The law allows for leave, but it's not always clear-cut
A healthy work-life balance is important, and the Holidays Act recognises this. The Act states that employees are entitled to 4 weeks paid annual holidays a year “to provide the opportunity for rest and recreation”. The timing of annual holidays is to be agreed between the employer and employee, but an employer cannot unreasonably refuse a request for leave. But what happens when an employer has approved a leave request, and then for one reason or another wants to revoke their approval?
A recent decision of the Employment Relations Authority has found that an employee was unjustifiably dismissed after her annual leave was approved, but then her employer demanded that she cancel it. From there the relationship soured, resulting in the employee’s dismissal.
Sarah Beaney worked for Raw Sushi Ltd part time from 2013, until she was dismissed in March 2018. Beaney made two leave requests, for a week each, one over the Christmas break and another in February. Both of these requests were approved.
Two days before the Christmas break, Beaney was told that she would have to reduce her period of leave because the business was too busy and could not accommodate her absence. Beaney agreed to do so, on the condition that her leave request in February would remain unchanged, and that she could take another break around Easter. This was agreed and Beaney worked over the Christmas period.
When February came around, Beaney was again told, just prior to taking leave, that work was too busy, and she could not go on holiday. Beaney refused, stating that Raw Sushi had agreed to her leave request, and she had already made arrangements and would be going. Her employer’s response was that she would be required to attend a meeting upon her return, and that she should not plan on taking any leave over Easter.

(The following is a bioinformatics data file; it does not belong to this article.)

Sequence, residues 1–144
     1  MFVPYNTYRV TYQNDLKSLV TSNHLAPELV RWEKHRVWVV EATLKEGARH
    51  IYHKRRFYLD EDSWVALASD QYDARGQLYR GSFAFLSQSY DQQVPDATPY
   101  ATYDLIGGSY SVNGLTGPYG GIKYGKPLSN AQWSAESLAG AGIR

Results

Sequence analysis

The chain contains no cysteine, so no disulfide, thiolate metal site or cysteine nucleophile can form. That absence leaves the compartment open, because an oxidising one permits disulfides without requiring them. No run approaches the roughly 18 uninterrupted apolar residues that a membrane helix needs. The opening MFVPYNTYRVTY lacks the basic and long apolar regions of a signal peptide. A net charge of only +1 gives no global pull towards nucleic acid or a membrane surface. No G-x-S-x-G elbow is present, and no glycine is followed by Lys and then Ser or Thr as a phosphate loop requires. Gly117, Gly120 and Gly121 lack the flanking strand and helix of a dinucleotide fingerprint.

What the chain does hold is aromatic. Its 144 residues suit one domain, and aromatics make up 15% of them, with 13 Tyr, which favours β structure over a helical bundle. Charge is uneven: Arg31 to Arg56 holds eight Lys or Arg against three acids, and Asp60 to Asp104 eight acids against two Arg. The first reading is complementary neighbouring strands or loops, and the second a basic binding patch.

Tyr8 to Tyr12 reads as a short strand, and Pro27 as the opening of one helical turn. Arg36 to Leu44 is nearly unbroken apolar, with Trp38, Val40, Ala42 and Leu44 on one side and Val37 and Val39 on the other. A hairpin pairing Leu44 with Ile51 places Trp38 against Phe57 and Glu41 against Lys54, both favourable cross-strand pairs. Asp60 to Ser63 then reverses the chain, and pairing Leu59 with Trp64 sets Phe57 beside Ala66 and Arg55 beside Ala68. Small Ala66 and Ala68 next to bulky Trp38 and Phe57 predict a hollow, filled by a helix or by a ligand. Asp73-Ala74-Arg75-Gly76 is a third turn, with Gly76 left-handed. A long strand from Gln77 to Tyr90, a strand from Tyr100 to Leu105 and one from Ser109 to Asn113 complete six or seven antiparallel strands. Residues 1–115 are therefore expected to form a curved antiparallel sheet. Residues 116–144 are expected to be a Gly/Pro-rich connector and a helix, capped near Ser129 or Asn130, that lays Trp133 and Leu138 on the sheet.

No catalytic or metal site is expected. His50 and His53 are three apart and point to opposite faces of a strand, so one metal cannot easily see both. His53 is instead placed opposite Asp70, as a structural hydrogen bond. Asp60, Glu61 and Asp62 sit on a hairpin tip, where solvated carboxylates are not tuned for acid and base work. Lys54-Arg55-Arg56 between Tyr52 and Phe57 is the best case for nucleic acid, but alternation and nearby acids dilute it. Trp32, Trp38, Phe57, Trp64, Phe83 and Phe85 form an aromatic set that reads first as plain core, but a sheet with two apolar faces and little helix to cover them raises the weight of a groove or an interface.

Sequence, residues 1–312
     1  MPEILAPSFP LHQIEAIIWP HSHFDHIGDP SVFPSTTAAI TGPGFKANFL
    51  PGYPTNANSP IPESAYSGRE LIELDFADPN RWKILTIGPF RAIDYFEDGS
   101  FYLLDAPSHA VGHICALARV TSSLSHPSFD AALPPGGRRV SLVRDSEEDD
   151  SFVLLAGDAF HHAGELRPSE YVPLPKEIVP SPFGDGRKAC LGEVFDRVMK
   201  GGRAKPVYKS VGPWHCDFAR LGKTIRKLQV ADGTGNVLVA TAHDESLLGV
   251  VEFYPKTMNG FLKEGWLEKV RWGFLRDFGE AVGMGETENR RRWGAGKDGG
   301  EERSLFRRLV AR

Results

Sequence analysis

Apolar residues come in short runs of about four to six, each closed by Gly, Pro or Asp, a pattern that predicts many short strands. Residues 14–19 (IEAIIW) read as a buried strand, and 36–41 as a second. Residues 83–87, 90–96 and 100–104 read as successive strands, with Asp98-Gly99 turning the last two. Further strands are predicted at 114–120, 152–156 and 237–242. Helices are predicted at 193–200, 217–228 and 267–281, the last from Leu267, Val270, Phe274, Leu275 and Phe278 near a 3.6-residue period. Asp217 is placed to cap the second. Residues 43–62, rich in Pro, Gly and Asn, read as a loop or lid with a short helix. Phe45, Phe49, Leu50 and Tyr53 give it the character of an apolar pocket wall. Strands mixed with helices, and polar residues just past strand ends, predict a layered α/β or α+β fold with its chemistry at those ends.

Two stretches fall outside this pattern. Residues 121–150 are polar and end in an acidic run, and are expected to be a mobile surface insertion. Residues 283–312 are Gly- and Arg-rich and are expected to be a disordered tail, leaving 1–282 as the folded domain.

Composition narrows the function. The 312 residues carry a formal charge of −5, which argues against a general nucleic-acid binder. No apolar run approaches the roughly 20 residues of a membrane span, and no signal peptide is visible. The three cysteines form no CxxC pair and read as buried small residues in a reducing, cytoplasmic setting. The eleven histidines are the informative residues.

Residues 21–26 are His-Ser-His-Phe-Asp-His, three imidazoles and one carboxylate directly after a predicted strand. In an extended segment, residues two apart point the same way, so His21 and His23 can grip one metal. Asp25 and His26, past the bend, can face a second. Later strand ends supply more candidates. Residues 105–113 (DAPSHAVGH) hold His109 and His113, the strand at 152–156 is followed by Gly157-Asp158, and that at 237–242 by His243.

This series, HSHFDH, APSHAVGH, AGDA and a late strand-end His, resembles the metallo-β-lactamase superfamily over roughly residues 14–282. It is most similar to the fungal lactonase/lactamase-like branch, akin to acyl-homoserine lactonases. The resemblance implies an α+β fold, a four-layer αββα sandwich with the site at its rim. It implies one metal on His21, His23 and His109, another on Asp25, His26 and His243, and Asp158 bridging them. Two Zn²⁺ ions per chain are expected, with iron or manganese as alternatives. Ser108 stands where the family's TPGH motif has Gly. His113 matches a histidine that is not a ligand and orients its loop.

Upon returning from her time off, Beaney was isolated and ostracised within the workplace, alleging that no one would speak to her or even make eye contact. Beaney was upset by her treatment and approached her mother for support who sought to discuss the issue with Raw Sushi. Her mother was told that the business owners were offended by Beaney’s refusal to give up her leave, because in their culture elders were not to be disagreed with.
Subsequently, Beaney was given a new employment agreement which varied her hours. The last page of the agreement made criticisms of Beaney for involving her mother in matters relating to her employment and asked that her mother not return to the shop. The new agreement also included allegations that Beaney had left the premises without permission when she had become upset.
Shortly after that Beaney was given a letter terminating her employment because of a “loss of trust in the relationship” relating to poor conduct at work. It was also alleged that her behaviour contributed to the recent departure of two other employees.
The case was heard by the Employment Relations Authority, which concluded that Beaney’s dismissal was directly attributable to her decision to take the approved leave. The Authority found that Beaney was entitled to take leave, especially where it had been approved and agreed between the parties, and “to subsequently choose not to relinquish that leave cannot be construed as insulting to the employer.”
The Authority ultimately determined that Beaney had been unjustifiably dismissed and awarded her $12,500 compensation for humiliation, loss of dignity and injury to feelings.
This is not the first time the Authority has dealt with the issue of revoking annual leave. In 2009 the Authority heard a case brought by the Engineering Printing & Manufacturing Union against Zeal, a wholly owned subsidiary airline of Air New Zealand Ltd, regarding Zeal’s “cancelling” of approved leave.
In response to receiving a strike notice, Zeal began advising individual employees that allocated, provisional leave due to be taken one month later, was cancelled.
Zeal was successful in defending the claim, on the basis that the applicable collective agreement provided for leave to be ‘provisionally allocated’, but to then be either confirmed or denied one month before the leave was to be taken. The Authority found that “provisional” meant that allocated leave was tentative, subject to confirmation and therefore was not approved leave.
While in that case the Authority found that Zeal had not unlawfully cancelled approved leave, this was principally based on the wording of the particular collective agreement. The decision strongly suggests that if the leave had been approved, subsequent revocation of that leave would be unlawful.
Unforeseen circumstances can arise such that employers can subsequently regret having approved leave for employees, and may wish to revisit this. In these cases, it is open to the parties to discuss varying that leave in good faith as Beaney did for the approved leave she had over the Christmas period. However, there is no obligation on an employee to accept any variation and, as highlighted in the Raw Sushi case, an employer cannot then disadvantage or punish an employee for refusing to vary their leave, once accepted.
In this case the employee truly did get the raw prawn, although ultimately at the employer’s expense.